(Bloomberg) — The outgoing CIA director called Donald Trump’s comments about the U.S. intelligence community “outrageous” and suggested the president-elect’s attitude toward Russia reflected an incomplete understanding of the country’s intentions.
“What I do find outrageous is equating intelligence community with Nazi Germany,” said Brennan, who served in the administrations of Presidents George W. Bush and Barack Obama. “I do take great umbrage at that, and there is no basis for Mr. Trump to point fingers at the intelligence community for leaking information that was already available publicly.”
“There is no interest in undermining the president-elect,” he added.
‘Cadre of Professionals’
The information released had circulated in the intelligence community and within some news organizations for months and received occasional, scant treatment in the media, but it was only published in full by BuzzFeed on Jan. 10.
Outgoing White House Chief of Staff Denis McDonough said on CNN’s “State of the Union” on Sunday that “the intelligence community is staffed by an unbelievable cadre of professionals who have dedicated their lives, and in many cases put their lives at risk, to get really critical, timely and important information to policy makers.”
Brennan, who characterized the off-the-cuff style that’s defined Trump’s public pronouncements as “not something that protects national security interests,” also suggested that Trump’s openness to friendship with Russia could originate from a lack of knowledge.
“I don’t think he has a full appreciation of Russian capabilities, Russians’ intentions, and actions that they are undertaking in many part of the world,” Brennan said. The intelligence community has accused Russia of hacking top-level Democrats during the election to help Trump — a charge that led to earlier insults by Trump.
‘Be Very, Very Careful’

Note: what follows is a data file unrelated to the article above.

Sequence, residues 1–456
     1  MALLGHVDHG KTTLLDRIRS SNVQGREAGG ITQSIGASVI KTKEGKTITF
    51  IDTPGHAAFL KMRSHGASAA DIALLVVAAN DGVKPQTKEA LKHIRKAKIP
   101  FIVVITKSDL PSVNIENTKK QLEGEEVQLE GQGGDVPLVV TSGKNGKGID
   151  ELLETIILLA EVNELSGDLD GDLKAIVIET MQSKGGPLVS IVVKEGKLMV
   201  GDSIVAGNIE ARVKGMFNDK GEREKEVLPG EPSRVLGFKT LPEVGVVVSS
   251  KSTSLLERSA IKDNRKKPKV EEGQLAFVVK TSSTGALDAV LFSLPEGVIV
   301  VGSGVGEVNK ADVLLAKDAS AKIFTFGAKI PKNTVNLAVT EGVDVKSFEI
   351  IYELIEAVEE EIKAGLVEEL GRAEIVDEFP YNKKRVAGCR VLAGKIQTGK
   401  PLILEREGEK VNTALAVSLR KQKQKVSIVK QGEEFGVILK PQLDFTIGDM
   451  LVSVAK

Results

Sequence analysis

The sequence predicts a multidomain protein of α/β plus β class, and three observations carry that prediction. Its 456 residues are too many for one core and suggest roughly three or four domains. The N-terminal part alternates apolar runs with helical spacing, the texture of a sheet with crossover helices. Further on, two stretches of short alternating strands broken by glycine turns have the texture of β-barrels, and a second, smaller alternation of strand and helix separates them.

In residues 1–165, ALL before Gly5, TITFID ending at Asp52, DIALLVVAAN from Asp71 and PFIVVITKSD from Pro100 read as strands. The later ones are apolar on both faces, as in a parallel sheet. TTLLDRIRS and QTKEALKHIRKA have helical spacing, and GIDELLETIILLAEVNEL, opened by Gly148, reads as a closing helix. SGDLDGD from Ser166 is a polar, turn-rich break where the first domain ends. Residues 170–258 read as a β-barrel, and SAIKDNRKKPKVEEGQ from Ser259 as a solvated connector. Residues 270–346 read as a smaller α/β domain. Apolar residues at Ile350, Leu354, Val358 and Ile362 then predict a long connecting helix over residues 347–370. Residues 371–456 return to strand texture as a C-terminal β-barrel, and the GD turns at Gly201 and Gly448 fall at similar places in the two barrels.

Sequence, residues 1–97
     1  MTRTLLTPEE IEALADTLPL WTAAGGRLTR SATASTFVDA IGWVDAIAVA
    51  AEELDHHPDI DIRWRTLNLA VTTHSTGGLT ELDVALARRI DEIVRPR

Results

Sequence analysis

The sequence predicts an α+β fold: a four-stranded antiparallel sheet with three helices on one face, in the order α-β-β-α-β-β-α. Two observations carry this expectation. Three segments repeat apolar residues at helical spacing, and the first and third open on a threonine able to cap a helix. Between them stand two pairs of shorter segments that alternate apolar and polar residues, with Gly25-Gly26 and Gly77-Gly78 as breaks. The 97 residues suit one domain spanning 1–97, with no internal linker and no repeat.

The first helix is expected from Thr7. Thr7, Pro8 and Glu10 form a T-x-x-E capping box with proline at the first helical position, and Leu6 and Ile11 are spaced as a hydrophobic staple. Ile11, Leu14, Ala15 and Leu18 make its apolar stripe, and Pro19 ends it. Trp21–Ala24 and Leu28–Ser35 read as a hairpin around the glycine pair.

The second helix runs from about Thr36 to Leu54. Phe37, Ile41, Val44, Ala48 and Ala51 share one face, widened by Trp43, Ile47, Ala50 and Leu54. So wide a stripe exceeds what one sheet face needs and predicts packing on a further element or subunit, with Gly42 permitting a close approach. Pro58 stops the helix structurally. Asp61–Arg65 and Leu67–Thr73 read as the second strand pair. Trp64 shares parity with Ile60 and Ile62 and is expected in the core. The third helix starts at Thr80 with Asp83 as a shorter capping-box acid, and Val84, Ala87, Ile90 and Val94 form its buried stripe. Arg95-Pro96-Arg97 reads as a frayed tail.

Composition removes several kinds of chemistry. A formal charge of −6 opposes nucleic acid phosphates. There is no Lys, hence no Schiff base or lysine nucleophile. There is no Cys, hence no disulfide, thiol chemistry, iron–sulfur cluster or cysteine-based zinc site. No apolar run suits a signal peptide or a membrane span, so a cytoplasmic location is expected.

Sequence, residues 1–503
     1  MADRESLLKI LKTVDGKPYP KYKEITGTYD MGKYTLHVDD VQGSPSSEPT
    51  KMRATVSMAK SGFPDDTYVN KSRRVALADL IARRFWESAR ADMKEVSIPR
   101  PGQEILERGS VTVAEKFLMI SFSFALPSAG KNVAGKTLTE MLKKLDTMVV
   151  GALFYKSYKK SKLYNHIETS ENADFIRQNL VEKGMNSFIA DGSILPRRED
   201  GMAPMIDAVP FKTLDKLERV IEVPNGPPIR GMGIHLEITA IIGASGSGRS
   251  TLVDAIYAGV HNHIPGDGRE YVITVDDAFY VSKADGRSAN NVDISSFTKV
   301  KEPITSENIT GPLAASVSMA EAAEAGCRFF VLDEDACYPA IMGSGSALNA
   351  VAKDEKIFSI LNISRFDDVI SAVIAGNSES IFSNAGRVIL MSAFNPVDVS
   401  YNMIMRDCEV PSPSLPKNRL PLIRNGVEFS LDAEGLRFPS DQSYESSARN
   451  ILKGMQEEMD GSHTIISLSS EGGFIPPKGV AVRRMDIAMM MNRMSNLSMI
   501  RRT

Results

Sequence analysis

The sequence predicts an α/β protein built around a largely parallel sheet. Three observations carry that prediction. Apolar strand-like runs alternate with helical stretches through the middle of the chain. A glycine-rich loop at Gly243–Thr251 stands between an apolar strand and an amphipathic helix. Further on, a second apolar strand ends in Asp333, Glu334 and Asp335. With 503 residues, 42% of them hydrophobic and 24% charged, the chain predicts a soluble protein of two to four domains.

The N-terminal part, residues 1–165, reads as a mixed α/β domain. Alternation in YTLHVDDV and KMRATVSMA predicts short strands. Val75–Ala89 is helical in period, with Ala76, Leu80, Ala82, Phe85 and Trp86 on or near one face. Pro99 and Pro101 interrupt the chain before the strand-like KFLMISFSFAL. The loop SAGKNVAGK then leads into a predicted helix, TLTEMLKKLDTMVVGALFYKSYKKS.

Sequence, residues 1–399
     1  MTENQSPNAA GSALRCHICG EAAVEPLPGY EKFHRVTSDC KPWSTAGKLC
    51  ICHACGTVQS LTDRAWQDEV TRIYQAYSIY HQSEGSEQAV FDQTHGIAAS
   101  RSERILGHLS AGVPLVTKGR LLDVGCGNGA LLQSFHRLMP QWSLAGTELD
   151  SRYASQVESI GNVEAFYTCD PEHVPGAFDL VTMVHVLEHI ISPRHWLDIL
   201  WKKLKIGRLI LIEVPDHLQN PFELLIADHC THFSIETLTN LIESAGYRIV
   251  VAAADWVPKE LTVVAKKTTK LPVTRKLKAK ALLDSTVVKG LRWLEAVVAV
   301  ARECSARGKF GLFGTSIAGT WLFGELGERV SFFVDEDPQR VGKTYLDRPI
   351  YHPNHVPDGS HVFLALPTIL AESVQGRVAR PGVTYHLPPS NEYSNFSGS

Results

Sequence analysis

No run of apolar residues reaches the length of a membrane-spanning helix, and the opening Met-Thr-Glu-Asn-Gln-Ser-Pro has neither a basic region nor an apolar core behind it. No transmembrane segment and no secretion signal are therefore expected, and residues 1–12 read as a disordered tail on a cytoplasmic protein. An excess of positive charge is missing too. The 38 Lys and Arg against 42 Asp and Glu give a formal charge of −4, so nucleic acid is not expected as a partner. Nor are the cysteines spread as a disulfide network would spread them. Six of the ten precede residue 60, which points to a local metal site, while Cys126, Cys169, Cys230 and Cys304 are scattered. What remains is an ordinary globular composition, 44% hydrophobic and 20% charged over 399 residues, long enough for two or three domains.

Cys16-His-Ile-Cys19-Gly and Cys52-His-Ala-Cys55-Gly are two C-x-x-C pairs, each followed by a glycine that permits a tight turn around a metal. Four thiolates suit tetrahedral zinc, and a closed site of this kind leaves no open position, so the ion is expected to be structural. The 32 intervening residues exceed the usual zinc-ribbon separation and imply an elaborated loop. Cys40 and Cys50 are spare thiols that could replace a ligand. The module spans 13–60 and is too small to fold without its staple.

Brennan admonished Trump, who’s recently suggested he might lift sanctions on Russia, “to be mindful that he doesn’t yet, I think, have a full appreciation/understanding of what the implications are of such a move” amid Russia’s actions in Ukraine, Syria and online. He added that Trump “needs to be very, very careful.”
“I very much hope our relationship improves in the coming administration,” especially on counter-terrorism, Brennan added, “but there is a fair amount of responsibility on Russia’s part to change their behavior.”
Vice President-elect Mike Pence said in an earlier interview on the same program that cooperation on counter-terrorism was at the heart of Trump’s willingness to “explore the possibility of better relations” with Russia.
“We have a common enemy in ISIS,” said Pence, using another name for the terrorist group Islamic State. “The ability to work with Russia to confront, hunt down, and destroy ISIS at its source represents an enormously important priority of this incoming administration.”
Pence also denied there were any contacts between Trump associates and Russia, as alleged in the unverified memo. He said incoming National Security Adviser Mike Flynn’s conversation with Russian Ambassador to the U.S. Sergey Kislyak in December, on the day President Barack Obama imposed new sanctions on Russia for the hacking was “not in any way related to new U.S. sanctions or the expulsion of diplomats.”
–With assistance from Miles Weiss To contact the reporter on this story: Ben Brody in Washington at firstname.lastname@example.org. To contact the editors responsible for this story: Joshua Gallu at email@example.com, Laurie Asseo, Ros Krasny
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